Film review: Pan (PG)

TO be a pirate king – or not, in this prequel to the adventures of the boy who wouldn’t grow up

Pan (PG)

Directed by: Joe Wright

Starring: Hugh Jackman, Rooney Mara, Garrett Hedlund, Levi Miller

Star rating: ***

This fantasy prequel to Peter Pan reimagines the characters from JM Barrie’s tale of “the boy who wouldn’t grow up” as the potential projections of a young boy living through the Blitz. Having been left on the steps of a London orphanage with a panpipe locket around his neck, the mischievous Peter (newcomer Levi Miller) is whisked away one night on a flying pirate ship and immediately becomes embroiled in a dogfight with spitfires en route to Neverland. The captain of the ship is Blackbeard (Hugh Jackman), a nefarious pirate who is stealing kids to put to work down the mines of Neverland in an effort to replenish supplies of a mysterious entity called Pixum, the elusive and magical fairy dust that gives pixies their power. It also functions as a sort of rejuvenating elixir for Blackbeard, allowing him to rule Neverland with tyrannical zeal in a desperate bid to prevent a Chosen One prophecy destined to bring his reign to an end from coming true.

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No stranger to imaginative reinterpretations of classic literature, director Joe Wright is even more anarchic here than he was with his unfairly maligned take on Anna Karenina, throwing in anachronistic soundtrack choices – Blackbeard makes his big entrance to an a cappella version of Nirvana’s Smells Like Teen Spirit – and cramming together all sorts of disparate ideas, from National Geographic-inspired landscapes to boys-own fantasies about villains and heroes. After Peter discovers he has the gift of flight, for instance, he pairs up with an egotistical, crocodile-hating adventurer by the name of James Hook, who is not yet the villainous captain the Lost Boys will come to fear, but more of a try-hard Indiana Jones type, as annoying as he is heroic (and played as such by Garrett Hedlund). Together Peter and Hook escape the mines, encounter mermaids, crocodiles and the exotic Neverbird, and plot the downfall of Blackbeard with the help of an ass-kicking Tiger Lily (Rooney Mara).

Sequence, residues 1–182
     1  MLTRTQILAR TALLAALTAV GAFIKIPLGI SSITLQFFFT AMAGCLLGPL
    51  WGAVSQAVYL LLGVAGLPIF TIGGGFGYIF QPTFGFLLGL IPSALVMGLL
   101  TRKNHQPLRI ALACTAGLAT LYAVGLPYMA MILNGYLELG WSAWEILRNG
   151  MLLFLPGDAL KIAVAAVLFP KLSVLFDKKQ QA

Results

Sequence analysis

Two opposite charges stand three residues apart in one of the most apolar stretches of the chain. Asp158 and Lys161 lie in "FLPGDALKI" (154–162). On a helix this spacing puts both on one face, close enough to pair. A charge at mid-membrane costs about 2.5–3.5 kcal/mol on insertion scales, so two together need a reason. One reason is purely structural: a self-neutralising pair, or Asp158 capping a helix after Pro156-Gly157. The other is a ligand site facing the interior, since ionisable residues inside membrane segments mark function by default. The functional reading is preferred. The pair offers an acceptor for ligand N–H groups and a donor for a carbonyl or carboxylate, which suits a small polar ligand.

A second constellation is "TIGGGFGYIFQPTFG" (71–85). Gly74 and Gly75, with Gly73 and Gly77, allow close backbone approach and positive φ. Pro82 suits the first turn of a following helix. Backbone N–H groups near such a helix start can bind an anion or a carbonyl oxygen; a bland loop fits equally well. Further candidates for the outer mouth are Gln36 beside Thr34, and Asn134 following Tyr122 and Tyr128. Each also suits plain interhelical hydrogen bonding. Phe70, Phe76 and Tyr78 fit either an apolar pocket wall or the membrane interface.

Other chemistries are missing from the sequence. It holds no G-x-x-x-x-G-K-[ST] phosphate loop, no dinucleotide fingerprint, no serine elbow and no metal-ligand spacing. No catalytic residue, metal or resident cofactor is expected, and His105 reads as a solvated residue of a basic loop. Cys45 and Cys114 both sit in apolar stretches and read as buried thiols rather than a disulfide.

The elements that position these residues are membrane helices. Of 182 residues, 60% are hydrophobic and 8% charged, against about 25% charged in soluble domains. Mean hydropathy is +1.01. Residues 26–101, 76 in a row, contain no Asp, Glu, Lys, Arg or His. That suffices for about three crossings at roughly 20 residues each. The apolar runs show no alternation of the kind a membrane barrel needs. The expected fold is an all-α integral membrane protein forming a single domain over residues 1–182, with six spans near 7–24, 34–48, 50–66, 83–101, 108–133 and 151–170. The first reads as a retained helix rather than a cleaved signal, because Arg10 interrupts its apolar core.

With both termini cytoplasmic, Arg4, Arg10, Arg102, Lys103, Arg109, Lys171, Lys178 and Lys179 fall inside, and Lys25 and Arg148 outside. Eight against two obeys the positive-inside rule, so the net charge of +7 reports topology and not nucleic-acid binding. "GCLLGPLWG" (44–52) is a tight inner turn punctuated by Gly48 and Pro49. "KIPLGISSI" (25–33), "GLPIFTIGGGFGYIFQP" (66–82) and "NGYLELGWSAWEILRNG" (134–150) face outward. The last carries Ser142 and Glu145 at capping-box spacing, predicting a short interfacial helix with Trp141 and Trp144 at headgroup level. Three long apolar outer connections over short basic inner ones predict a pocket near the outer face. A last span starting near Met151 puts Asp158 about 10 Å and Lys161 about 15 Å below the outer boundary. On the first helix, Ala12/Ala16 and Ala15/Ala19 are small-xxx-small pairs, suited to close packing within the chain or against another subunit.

Not everything about this wilfully chaotic approach works, of course. The pace is often wearying and the plotting gets a little muddled as the Joseph Campbell-style hero’s journey tropes infringe on the more anarchic elements. But it’s a decent family adventure film nonetheless, geared towards entertaining children rather than pleasing overgrown fanboys.

And in Jackman the film has a star willing to embrace the panto villainy of his role, but also give it texture and depth. His Blackbeard may have all the power, but he’s no longer sure he really wants to remain in control of Neverland – the efforts to stave off the prophecy having twisted him into a bitter, unhappy soul withering beneath an artificially youthful exterior. Even pirates have to grow up sometime.